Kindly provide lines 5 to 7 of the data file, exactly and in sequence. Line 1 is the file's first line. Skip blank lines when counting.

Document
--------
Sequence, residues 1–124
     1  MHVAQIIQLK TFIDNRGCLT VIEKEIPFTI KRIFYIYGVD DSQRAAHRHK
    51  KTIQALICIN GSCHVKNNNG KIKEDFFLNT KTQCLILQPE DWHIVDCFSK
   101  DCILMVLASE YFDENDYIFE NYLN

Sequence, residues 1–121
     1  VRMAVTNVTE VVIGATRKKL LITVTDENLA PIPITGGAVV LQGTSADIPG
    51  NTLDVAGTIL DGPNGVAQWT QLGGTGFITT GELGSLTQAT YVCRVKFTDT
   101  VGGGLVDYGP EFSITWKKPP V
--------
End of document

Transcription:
Sequence, residues 1–121
     1  VRMAVTNVTE VVIGATRKKL LITVTDENLA PIPITGGAVV LQGTSADIPG
    51  NTLDVAGTIL DGPNGVAQWT QLGGTGFITT GELGSLTQAT YVCRVKFTDT